Monday, October 5, 2009

Thai Night and Thai Temple

I feel like a broken record, but we feel so thankful for the wonderful Thai community in our area.  We attended the Milwaukee Thai-American Association's Thai Night and had a great time.  My parents and Kyle's mom came also, and we were really happy they wanted to soak up some Thai culture with us.  T showed everyone his bright, social personality by running around all night making new friends and dancing with beautiful women (I sometimes feel like we already have a teenager).  Kyle and I skipped the dancing  but we ate a lot of incredible food and enjoyed the traditional dancing.  My dad did *not* skip the Thai dancing, and he is very lucky it was dark and the evidential pictures didn't turn out well enough to post.  The very luckiest part of the night was meeting new friends who have a son nearly T's age.  The boys enjoyed chasing each other around.


After Thai Night, our new friends invited us to join them at Buddha Haksa Temple in Waukesha.  We had talked about going in the past but had chickened out because we didn't really know when or how to go about visiting.  Totally psyched to have an "in", we invited other friends with a Thai kiddo along, too.

Here's where I confess that, despite knowing we were meeting multiple  friends, we were still pretty nervous about going.  We'd visited many wats (temples) in Thailand but had never been to a formal ceremony.  Kyle and I are socially challenged in large groups of new people to begin with.  The thought of adding in an unfamiliar religious ceremony and a volatile, unpredictable two-year-old was really making me sweat.   We had no clue what the protocol was for going to the temple.  We asked our friends for tips, and they told us we could bring water or juice boxes for the monks.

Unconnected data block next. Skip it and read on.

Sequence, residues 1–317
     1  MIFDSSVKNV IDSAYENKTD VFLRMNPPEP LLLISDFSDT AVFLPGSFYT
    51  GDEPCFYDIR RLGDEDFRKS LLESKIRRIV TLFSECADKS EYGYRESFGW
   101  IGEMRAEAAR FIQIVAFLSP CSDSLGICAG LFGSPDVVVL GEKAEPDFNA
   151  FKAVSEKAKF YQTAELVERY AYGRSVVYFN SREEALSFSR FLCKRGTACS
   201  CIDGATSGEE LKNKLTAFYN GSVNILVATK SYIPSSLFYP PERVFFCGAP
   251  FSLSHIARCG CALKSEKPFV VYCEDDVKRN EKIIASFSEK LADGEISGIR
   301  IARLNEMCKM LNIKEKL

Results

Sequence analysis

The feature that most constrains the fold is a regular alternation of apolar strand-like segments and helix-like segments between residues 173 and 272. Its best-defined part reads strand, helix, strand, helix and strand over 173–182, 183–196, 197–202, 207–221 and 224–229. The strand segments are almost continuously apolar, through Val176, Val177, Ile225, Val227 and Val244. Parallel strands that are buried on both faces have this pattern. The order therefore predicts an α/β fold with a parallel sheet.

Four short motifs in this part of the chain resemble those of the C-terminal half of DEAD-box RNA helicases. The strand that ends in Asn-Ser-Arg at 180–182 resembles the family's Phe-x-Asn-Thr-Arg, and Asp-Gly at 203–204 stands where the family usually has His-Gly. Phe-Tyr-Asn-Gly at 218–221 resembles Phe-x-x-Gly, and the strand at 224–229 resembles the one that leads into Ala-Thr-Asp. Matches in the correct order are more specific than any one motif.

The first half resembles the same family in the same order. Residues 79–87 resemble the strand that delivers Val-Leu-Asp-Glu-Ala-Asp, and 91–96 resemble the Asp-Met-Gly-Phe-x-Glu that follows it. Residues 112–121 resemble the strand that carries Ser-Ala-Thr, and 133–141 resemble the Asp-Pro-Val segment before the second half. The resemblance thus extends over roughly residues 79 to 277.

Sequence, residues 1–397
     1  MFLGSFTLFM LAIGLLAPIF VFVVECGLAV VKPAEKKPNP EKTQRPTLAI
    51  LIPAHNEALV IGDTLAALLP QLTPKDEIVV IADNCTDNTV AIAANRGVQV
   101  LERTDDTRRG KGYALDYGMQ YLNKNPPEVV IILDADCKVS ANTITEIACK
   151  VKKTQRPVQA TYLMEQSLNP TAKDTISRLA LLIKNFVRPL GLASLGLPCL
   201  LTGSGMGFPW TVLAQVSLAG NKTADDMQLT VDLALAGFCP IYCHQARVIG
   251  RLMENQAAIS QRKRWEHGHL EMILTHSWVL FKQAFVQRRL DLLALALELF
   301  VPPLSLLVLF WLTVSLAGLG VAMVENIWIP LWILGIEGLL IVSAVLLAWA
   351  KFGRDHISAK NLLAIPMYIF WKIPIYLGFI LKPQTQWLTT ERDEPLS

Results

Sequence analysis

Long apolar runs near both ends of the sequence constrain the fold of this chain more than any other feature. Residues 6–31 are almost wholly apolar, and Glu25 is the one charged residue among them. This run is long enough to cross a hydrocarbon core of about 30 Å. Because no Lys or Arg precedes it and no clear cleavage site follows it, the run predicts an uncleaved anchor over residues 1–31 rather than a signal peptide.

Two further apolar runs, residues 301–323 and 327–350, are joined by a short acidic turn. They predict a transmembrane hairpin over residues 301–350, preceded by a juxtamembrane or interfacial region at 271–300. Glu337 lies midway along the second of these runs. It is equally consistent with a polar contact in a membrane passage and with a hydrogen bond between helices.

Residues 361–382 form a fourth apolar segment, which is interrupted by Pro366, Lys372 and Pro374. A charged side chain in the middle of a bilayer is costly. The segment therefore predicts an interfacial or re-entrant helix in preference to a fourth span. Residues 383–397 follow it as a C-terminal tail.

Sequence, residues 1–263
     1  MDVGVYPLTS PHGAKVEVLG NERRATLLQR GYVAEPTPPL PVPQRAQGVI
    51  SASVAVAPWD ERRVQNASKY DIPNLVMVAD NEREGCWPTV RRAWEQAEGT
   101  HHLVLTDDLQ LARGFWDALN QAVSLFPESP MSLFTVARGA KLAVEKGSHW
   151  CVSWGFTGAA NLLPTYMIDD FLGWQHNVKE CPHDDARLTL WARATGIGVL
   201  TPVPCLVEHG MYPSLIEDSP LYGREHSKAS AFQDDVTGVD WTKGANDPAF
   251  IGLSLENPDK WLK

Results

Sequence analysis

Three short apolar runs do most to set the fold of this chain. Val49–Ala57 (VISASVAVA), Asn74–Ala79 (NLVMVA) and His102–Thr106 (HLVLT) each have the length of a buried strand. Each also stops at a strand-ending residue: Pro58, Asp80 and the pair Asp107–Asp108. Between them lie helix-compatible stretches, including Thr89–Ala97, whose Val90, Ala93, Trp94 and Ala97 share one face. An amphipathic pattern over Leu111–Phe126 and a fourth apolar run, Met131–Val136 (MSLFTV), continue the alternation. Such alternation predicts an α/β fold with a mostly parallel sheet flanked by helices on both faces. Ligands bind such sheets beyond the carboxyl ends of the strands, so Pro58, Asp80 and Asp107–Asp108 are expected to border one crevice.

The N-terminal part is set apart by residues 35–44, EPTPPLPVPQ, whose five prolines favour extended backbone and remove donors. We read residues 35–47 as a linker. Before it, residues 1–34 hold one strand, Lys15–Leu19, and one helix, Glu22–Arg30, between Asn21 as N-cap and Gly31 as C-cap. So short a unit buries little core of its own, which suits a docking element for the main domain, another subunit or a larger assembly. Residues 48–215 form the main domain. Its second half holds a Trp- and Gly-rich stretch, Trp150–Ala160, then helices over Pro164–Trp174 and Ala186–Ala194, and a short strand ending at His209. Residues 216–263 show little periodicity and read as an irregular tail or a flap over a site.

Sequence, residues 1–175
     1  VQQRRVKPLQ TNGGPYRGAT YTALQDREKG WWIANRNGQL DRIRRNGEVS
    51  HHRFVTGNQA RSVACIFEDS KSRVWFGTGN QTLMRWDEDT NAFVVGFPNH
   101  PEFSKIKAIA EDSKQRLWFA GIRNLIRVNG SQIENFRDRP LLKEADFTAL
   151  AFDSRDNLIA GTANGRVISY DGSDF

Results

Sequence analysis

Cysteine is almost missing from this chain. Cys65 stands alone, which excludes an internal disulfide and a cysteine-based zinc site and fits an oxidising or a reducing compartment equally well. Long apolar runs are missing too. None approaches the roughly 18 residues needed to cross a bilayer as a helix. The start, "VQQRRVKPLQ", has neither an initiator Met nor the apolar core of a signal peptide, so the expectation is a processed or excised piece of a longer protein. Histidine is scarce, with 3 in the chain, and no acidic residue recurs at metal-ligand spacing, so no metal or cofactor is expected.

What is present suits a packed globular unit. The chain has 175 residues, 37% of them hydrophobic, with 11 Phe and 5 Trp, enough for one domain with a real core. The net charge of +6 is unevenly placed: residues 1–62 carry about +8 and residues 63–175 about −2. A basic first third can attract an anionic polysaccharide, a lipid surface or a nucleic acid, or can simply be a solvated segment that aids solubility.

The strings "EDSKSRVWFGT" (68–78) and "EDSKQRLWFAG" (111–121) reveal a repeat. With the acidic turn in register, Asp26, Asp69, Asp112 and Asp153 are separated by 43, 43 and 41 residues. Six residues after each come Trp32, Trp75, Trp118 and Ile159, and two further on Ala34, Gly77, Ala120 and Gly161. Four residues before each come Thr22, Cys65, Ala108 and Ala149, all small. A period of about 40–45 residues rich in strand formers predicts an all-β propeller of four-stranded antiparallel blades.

Water or juice boxes!?  This sounded so strange to us!  What kind of juice do monks drink?  Would it be wrong to buy them something artificially flavored?  Do they only drink organic juice?  Do we bring it inside the temple with us?  Like in a plastic bag?  Isn't that weird?  We did not want to do anything disrespectful but I was pretty sure we'd manage to somehow.  Our Thai friend Jet was so sweet and casual, and very, "Oh, whatever you bring is fine" and I think that attitude is *awesome* and totally. not. me.  I need to learn to relax and just go with the flow.  I think living in Thailand for awhile would be good for me.

Sunday morning dawned and Kyle was too sick to go to the temple and then I *really* started sweating.  I was going to have to navigate the temple and T-wrangling solo.  Yikes. It turned out that I should not have worried so much (as is always the case).  We stopped to buy water on the way (because I really couldn't decide which flavor of juice was most respectful for a Buddhist ceremony) and in the gas station, T announced to the cashier "Water for the MONKS!  T give the water to the MONKS!"  The cashier eyed him suspiciously and handed me my change.

After about an hour's drive we arrived at the temple and the parking lot was packed.  T and I stood outside the building with our other white-friends-with-Thai-kid and wondered what to do.  Walk right in?  Wait for Jet and her family? But what if she was already inside?  Thankfully, we spotted her husband Andy outside and he gave us a little tour of the grounds.

The main building is decorated on the outside as much like a traditional Thai temple in Wisconsin can be.  The upper floor is the main temple.  The "basement" (which is actually at ground level) is a large open room set up with tables for feeding a very large group of people.  The group decided we'd like to at least give the ceremony a try before retreating to the basement, so we climbed the steps, removed our shoes, and sneaked in as inconspicuously as a group of 7 adults and 3 kids can.  The floor was full of people kneeling, praying, and chanting.  Monks were all seated in a line along one side of the room on a platform a few inches higher than the floor.

I would love to learn more about the actual prayers being said.  The language used, I later learned, is Pali.  T wouldn't let me hold my hands together in the wai position like everyone else did.  For some reason, that really bothered him.  The ceremony we were there for was the end of Buddhist Lent.  From the Wise Internet: